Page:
Posted on 10/08/2017 by David Burgess
North Korea declared on Thursday it would have a plan ready by "mid-August" to launch four missiles into waters near the US territory of Guam, as it branded Donald Trump's threats as "nonsense".
With tensions between the US and Kim Jong-un's rogue state escalating, critics accused Mr Trump of inflaming the situation with "reckless" sabre-rattling.
Dismissing his threats as "a load of nonsense", the rogue state ridiculed the US president as a "guy bereft of reason" and said only "absolute force can work on him".
The statement from North Korean General Kim Rak Gyom said North Korea would produce a plan to fire four Hwasong-12 rockets more then 2,000 miles over Japan to "hit the waters 30 to 40 km away from Guam".
The plan would be presented to leader Kim Jong-un who would make a decision on whether to proceed. The statement added: "We will keep closely watching the speech and behaviour of the US."
Mr Trump had earlier boasted that the US nuclear arsenal was "far stronger and more powerful than ever before" in his latest warning to North Korea.
Writing on Twitter, Mr Trump said: "My first order as President was to renovate and modernise our nuclear arsenal. It is now far stronger and more powerful than ever before.
"Hopefully we will never have to use this power, but there will never be a time that we are not the most powerful nation in the world!"
A White House official added: "We are not just a superpower. We are now a hyperpower. The message is very clear - don't test this White House, Pyongyang. Don't test Donald J. Trump."
The US military also released pictures of two of its B-1B bombers flying over the Korean Peninsula on Monday.
James Mattis, the US Defence Secretary, called on North Korea to "cease any consideration of actions that would lead to the end of its regime and the destruction of its people".
South Korea's President Moon Jae-in telephoned Mr Trump asking for support in doubling the existing 500kg payload of ballistic missiles it would use in a military conflict with its neighbour.
The South military said on Thursday that Pyongyang's recent statements regarding Guam were a challenge against Seoul and the US-South Korea alliance.
Joint Chiefs of Staff spokesman Roh Jae-cheon said South Korea was prepared to act immediately against any North Korean provocation, although the military had not spotted any unusual action in the North indicating provocation.
The Japanese government said on Thursday it "can never tolerate" provocations from North Korea.
"North Korea's provocative actions, including this time, are obviously provocative to the region including Japan as well as to the security of the international community," Yoshihide Suga, Japan's chief government spokesman, told reporters. "We can never tolerate this."
"We strongly urge North Korea to take seriously the strong warnings and censures that have repeatedly been made and abide by a series of UN resolutions and refrain from taking further provocative action."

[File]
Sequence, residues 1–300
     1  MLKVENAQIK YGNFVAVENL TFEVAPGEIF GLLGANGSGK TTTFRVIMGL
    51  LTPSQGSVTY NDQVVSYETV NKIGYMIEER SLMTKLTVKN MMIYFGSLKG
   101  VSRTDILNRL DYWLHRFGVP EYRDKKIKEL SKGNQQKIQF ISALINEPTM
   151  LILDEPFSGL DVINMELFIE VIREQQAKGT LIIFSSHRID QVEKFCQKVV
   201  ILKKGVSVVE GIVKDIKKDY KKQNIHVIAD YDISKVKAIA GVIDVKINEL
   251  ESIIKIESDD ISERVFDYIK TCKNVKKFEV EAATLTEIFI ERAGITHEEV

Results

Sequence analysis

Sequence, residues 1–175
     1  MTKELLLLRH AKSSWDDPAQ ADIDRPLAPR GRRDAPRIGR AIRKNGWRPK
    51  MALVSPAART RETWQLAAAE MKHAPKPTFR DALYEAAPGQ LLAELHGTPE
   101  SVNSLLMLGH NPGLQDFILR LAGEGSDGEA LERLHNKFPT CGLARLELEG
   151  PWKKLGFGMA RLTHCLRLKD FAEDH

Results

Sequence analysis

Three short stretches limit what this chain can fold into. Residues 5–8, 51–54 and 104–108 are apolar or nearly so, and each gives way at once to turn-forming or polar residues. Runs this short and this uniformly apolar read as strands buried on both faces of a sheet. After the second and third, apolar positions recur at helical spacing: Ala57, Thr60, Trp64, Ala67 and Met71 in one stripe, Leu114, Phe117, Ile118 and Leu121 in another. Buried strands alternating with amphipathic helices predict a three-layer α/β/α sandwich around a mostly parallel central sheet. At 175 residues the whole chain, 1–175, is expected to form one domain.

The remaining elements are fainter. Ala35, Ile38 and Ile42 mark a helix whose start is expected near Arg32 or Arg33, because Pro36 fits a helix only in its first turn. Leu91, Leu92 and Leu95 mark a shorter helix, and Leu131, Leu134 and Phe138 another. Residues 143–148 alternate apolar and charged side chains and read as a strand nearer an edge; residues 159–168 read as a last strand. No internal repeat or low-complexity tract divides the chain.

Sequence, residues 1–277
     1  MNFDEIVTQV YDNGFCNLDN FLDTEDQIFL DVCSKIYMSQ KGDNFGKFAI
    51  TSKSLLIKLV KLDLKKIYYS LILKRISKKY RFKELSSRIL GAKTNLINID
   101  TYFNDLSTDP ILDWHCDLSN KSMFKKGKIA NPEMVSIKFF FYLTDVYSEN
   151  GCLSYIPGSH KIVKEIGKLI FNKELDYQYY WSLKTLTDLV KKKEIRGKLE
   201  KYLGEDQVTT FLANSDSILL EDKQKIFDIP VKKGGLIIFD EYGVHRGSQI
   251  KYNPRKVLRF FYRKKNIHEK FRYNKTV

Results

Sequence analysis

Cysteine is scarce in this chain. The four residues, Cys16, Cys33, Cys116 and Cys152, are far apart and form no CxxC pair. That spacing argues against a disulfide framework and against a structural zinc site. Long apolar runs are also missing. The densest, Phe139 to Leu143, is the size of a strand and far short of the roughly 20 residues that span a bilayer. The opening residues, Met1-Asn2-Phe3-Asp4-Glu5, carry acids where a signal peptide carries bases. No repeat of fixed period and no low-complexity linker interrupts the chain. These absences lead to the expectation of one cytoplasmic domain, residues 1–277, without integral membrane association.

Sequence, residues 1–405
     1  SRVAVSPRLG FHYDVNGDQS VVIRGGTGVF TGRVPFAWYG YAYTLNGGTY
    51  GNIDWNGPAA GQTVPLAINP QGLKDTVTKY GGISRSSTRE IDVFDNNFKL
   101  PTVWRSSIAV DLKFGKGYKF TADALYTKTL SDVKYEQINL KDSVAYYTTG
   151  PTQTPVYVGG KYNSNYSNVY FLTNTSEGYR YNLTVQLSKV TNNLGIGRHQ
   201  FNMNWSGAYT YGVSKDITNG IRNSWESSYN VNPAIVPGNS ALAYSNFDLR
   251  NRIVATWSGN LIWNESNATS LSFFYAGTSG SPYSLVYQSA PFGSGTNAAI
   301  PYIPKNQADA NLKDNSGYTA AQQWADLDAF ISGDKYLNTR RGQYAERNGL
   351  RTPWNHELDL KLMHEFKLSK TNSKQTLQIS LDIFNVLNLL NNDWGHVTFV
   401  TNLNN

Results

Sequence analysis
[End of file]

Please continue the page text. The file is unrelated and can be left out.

The situation began escalating on Tuesday after it emerged North Korea has successfully miniaturised nuclear warheads to fit inside intercontinental ballistic missiles.
Mr Trump then said North Korea would face "fire and fury" if it further threatened the US. North Korea responded by saying it was "examining" plans to attack the US territory of Guam.
The Pacific island, 2,100 miles south of North Korea, with a population of 162,000, is home to 6,000 US service personnel and is known as America "permanent aircraft carrier".
Rex Tillerson, the US Secretary of State, on a scheduled trip to Guam, sought to play down concerns, saying there was "no imminent threat".
He said: "What the president is doing is sending a strong message to North Korea in language that Kim Jong-un would understand, because he doesn't seem to understand diplomatic language. Americans should sleep well at night."
Eddie Baza Calvo, the governor of Guam, said: "I have reached out to the White House. An attack or threat to Guam is a threat or attack on the United States. They have said that America will be defended."
Jackie Hanson, a US citizen living in Guam, told The Telegraph the situation is "very unnerving". She said: "This is a small island."
Lee Jong-kwan, 53, an office worker, added: "Trump doesn’t need to constantly push North Korea like this."
At the United Nations, British ambassador Matthew Rycroft said it "stands shoulder to shoulder with the United States".
In Washington, Lindsey Graham, a prominent Republican senator, said Mr Trump had "basically drawn a red line".
Mr Graham said: "He's not going to contain the threat. He's going to stop the threat. The time for talking is running out."
It came as Robert Jeffress, the pastor who preached for Mr Trump on his inauguration day, said: "God has given Trump authority to take out Kim Jong-un.”
A 1999 interview also emerged in which Mr Trump suggested he favoured a pre-emptive strike if negotiation with North Korea failed.
Democrats attacked Mr Trump for "reckless" rhetoric and James Clapper, former US director of national intelligence, warned conflict on the Korean peninsula would be "apocalyptic".
The US has not moved additional assets into the region, an official said. He added: "The only time our (military) posture goes up is based on facts, not because of what Kim and Trump say to each other."
Meanwhile, in an apparently unconnected development, North Korea released Hyeon Soo Lim, a Canadian pastor serving a life sentence, on humanitarian grounds. He had been accused him of attempting to overthrow the regime.
Sarah Sanders, the White House press secretary, said the "tone" of Mr Trump's "fire and fury" remark was "discussed beforehand" with advisers including chief of staff John Kelly and nationals security experts. But she added: "The words were his own."